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  • Writer's pictureDr Samintharaj Kumar

Diabetes and Vitamin D

Updated: Apr 8, 2023

Diabetics may be deficient in vitamin D for a variety of reasons. It is important to note that not all diabetics have vitamin D deficiency, but it is more common among people with diabetes. Some possible reasons for the deficiency include:


  1. Lifestyle factors: People with diabetes may have lifestyles that contribute to vitamin D deficiency, such as limited sun exposure, poor nutrition, or obesity. Sunlight is a major source of vitamin D, and diets low in vitamin D-rich foods can contribute to deficiency.

  2. Insulin resistance: There is evidence that suggests vitamin D may play a role in insulin sensitivity and glucose metabolism. Vitamin D deficiency can lead to insulin resistance, which is a common feature of type 2 diabetes. Conversely, insulin resistance may also impair vitamin D metabolism and contribute to deficiency.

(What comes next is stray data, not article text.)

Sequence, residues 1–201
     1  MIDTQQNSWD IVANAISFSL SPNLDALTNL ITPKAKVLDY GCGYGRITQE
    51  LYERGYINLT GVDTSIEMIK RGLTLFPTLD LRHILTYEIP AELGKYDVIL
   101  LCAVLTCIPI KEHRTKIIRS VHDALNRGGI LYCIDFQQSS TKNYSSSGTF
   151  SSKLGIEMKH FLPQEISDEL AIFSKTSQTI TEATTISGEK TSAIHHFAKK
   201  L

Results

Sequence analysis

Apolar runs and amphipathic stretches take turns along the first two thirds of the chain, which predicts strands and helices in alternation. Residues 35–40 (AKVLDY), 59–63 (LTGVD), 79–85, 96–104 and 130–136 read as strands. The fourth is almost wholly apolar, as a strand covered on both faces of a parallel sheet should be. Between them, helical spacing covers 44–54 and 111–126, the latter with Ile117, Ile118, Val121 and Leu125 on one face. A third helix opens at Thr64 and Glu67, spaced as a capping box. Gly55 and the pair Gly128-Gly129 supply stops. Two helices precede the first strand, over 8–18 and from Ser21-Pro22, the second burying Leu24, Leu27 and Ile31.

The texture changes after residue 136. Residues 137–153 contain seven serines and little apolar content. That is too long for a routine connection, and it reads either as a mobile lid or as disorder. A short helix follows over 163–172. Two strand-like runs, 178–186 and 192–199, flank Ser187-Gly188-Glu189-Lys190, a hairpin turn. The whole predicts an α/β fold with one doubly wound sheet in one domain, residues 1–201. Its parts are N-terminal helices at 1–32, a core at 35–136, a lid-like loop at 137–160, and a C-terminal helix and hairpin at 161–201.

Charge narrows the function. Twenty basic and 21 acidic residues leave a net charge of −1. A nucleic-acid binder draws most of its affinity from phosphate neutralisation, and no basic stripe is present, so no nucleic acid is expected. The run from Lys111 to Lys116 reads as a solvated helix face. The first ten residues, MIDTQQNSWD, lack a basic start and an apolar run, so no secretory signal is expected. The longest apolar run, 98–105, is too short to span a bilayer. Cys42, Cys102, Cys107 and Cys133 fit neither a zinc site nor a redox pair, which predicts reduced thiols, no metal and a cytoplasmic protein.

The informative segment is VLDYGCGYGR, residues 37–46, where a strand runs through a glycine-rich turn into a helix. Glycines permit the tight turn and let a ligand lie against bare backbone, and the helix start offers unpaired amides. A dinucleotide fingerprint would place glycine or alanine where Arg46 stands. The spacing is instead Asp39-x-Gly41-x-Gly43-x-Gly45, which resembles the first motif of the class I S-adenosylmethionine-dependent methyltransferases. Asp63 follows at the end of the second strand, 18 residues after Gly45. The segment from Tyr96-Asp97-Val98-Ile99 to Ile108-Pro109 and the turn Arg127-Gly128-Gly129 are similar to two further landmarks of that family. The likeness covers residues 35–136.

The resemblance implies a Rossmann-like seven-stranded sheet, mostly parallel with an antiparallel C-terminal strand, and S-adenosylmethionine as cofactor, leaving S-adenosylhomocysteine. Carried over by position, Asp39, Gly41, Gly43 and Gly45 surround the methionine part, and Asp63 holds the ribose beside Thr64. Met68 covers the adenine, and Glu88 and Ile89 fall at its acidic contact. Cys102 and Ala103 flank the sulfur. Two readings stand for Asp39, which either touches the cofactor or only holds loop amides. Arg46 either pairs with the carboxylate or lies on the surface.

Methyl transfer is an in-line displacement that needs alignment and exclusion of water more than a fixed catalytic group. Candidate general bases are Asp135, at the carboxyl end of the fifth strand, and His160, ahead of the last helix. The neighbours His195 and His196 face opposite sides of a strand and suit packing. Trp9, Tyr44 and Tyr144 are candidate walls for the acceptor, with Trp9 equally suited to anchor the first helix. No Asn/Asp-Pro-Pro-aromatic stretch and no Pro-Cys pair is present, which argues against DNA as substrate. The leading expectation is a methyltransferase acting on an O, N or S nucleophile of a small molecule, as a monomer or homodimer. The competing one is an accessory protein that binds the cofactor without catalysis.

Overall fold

3. Kidney function: Diabetes can lead to kidney damage, which in turn may affect the body's ability to convert vitamin D into its active form. People with diabetic nephropathy, or kidney disease caused by diabetes, are more likely to have low levels of active vitamin D.

  4. Medications: Some medications used to manage diabetes or its complications may interfere with vitamin D metabolism, leading to lower levels of the nutrient in the body.

  5. Genetic factors: There may be genetic factors that predispose people with diabetes to vitamin D deficiency, although more research is needed to understand this relationship.



It is important for people with diabetes to have their vitamin D levels checked and discuss any concerns with their healthcare provider. If a deficiency is identified, supplementation or other interventions may be recommended by me.

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